1. Compliance

  • Compliant hiring and payroll in 190+ countries
  • Ongoing monitoring of legal, firing & firing regulations
  • Tax & benefits guidance
  • Continuous labour, tax, payroll, and immigration compliance monitoring & updates.

2. Risk Control

  • Permanent establishment risk
  • Worker misclassification risk
  • Under-taxation risk
  • HR & immigration compliance risk
  • Intellectual property right risk.

3. Need for Local Incorporation

  1. Outsourced HR support upon new market testing
  2. HR arm upon global expansion
  3. Business in transition – M&As, close-downs.

4. Employee Transfer

  • From PEO to PEO
  • From EOR to EOR
  • From legal entity to legal entity
  • Convert Independent Contractors to full-time employees.

5. All-in-one Solution

Acumen Global Employer of Record offers integrated global employment solutions under one roof and can replace multiple vendors, including:

  1. Payroll Company
  2. Employee Benefits Broker
  3. HR Consultants
  4. Background Checks Vendors
  5. IP Attorney
  6. Tax Advisor
  7. Translation service
  8. Legal Advisor
  9. Immigration Advisor
  10. HR Compliance Advisor.

6. Global Knowledge. Local Expertise and Support

  • Faster time-to-hire with streamlined paperwork and communication
  • One platform to onboard and manage all team members
  • Streamlined global payroll
  • Single source of truth for contracts and documents
  • Dedicated customer service
  • 24/7 local support
  • Simplified hiring for Full-time employees and contractors
  • Expertise with hiring and firing local and foreign workforce.

Hiring and Firing Guide for Your Workforce in Turkey 

Over the last five years, the Turkish economy has gained popularity for its steady economic boom. By 2030, it is projected to be one of the fastest-growing economies in the world. Technology-wise, Turkey is verse developed in telecoms, transportation, and energy and has a low taxation policy with many incentives to encourage domestic and foreign investment. Its central location and readily accessible dynamic, and well-educated workforce are other factors that make it very attractive for direct investment.

To know more about the dynamics of the business environment in Turkey, you need to understand, among other things, the country’s employment law and labor relations.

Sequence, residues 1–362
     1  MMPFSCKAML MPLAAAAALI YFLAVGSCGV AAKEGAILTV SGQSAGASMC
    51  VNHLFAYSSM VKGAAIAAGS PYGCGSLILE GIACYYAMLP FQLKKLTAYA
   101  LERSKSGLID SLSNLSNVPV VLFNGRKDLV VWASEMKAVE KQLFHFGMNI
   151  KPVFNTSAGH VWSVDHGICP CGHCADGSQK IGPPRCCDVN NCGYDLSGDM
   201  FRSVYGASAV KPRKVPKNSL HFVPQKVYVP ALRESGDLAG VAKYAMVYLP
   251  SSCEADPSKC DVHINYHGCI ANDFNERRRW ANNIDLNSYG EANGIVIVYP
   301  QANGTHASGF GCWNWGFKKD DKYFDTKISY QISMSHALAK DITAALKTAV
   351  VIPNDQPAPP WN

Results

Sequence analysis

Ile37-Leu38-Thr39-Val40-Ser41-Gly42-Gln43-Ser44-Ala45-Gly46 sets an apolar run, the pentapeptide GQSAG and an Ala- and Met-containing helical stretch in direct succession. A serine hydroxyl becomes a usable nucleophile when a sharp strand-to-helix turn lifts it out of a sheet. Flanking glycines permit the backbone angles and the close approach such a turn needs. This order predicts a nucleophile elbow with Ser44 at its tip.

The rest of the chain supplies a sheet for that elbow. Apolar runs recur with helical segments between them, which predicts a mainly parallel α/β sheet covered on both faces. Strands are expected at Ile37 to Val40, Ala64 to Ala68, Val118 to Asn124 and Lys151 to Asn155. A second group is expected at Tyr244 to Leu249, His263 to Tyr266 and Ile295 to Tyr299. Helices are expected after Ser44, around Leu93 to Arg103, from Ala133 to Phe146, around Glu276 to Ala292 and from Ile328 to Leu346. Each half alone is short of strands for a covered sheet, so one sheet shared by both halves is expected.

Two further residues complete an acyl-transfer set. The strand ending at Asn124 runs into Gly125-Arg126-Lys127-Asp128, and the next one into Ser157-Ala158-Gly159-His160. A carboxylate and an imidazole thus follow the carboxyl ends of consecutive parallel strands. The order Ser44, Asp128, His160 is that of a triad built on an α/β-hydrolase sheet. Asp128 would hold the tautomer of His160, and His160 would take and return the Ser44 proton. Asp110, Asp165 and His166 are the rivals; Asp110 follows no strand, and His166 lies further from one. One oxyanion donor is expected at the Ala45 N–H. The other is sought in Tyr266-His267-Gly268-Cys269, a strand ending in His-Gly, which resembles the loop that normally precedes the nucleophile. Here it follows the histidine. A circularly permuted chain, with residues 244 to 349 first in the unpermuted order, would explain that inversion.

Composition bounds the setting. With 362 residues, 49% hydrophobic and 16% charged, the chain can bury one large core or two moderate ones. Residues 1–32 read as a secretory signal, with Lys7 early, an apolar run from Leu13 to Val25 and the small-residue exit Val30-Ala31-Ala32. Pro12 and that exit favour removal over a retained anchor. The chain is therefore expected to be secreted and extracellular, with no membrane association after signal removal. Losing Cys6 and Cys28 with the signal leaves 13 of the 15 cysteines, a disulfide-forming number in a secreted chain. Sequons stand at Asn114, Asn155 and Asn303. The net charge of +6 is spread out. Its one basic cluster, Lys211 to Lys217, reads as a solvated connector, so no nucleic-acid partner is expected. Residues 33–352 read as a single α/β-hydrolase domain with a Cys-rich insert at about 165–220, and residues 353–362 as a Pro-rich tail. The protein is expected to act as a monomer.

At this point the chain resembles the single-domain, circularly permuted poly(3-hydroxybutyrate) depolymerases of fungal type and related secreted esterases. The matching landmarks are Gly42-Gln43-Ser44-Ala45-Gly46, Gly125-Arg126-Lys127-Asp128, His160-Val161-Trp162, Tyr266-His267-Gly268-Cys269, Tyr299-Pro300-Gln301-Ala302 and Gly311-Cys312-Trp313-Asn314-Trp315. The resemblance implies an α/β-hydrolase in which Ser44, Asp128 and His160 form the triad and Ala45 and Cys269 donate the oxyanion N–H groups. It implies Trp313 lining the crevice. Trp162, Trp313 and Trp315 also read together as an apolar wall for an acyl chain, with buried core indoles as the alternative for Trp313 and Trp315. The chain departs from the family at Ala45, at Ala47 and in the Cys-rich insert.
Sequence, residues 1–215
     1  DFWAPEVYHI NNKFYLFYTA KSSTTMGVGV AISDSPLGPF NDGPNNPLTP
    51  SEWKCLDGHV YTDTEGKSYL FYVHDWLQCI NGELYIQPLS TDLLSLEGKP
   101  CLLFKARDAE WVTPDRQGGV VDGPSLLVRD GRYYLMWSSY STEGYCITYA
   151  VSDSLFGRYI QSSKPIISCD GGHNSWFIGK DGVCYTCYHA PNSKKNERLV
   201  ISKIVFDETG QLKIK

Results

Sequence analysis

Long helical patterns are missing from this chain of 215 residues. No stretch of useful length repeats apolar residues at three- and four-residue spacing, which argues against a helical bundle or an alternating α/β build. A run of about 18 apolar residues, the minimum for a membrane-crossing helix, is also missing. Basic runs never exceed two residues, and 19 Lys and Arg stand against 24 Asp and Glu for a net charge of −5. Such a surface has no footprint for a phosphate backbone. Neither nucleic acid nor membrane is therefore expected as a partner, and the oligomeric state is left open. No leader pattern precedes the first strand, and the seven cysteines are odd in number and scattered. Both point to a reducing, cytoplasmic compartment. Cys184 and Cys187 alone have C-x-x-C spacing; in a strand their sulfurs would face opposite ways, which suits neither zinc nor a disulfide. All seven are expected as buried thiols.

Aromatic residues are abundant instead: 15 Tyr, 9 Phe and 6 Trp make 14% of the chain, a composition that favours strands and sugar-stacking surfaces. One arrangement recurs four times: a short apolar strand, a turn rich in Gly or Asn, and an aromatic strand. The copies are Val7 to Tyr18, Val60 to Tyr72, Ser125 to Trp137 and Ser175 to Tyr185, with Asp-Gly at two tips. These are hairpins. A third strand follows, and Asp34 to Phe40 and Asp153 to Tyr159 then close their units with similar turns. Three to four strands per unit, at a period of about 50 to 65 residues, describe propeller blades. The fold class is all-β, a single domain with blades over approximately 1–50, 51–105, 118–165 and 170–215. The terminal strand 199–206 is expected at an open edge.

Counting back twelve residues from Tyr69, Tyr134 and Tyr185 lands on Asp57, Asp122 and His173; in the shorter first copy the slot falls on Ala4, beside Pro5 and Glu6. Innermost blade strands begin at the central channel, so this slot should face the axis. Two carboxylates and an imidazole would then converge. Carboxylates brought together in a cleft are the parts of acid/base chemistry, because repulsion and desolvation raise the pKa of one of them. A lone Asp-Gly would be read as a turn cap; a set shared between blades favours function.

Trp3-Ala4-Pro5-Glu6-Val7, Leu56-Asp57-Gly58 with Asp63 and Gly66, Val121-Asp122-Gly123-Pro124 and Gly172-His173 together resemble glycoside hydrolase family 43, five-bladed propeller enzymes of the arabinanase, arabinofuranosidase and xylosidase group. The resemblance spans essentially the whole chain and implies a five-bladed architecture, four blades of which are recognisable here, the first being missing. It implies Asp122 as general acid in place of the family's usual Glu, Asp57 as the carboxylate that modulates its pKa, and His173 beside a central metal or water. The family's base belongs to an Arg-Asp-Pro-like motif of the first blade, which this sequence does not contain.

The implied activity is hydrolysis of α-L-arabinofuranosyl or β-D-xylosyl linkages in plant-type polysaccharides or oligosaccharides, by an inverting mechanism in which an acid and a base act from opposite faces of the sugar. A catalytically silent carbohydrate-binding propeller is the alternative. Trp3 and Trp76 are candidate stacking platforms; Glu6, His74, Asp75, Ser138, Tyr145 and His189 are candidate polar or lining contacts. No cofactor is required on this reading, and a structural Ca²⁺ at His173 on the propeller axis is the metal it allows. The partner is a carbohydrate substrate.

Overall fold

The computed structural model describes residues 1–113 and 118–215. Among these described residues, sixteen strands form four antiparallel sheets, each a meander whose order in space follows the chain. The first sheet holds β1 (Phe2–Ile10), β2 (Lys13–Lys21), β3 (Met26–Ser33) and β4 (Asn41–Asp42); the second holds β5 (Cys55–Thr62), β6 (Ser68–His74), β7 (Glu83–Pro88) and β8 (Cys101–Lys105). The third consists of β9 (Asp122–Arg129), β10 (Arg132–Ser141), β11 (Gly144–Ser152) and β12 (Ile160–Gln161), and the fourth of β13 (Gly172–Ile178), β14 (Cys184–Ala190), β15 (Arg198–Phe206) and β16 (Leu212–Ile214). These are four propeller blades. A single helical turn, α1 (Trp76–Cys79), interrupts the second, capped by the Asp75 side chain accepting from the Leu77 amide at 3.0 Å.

The following is an overview report of what you should know about doing business in Turkey.

Employment Agreements in Turkey

The Turkish Labor Code and labor law principles do not define specific categories of workers. However, employment contracts are classified.   The main categories of employment contracts are:

  • Continuous and non-continuous
  • Fixed-term and indefinite term 
  • Full-time and part-time 
  • Seasonal 
  • Temporary 
  • Team employment contracts 
  • Employment contracts with or without trial periods 
  • Provisional employment contracts. 

Although no specific provision is made under the Turkish Labor Code regarding worker categories, such as white-collar and blue-collar workers, such a distinction has developed due to long-lasting practice by some companies to be used for workplace regulation. 

Further, there is also a distinction developed in practice concerning regular employees and executive managers (deemed to be the employer’s representatives). This distinction originates from court precedents that hold that executive managers responsible for the administration of the workplace are not entitled to sue for reinstatement to work if the employment contract is terminated for just cause. Another distinction regarding these employees is that, contrary to the general rule under the Turkish Labor Code, the fixed-term employment contract of an executive manager will not be considered an indefinite employment contract even if it is renewed more than once. 

Permanent Employment Contracts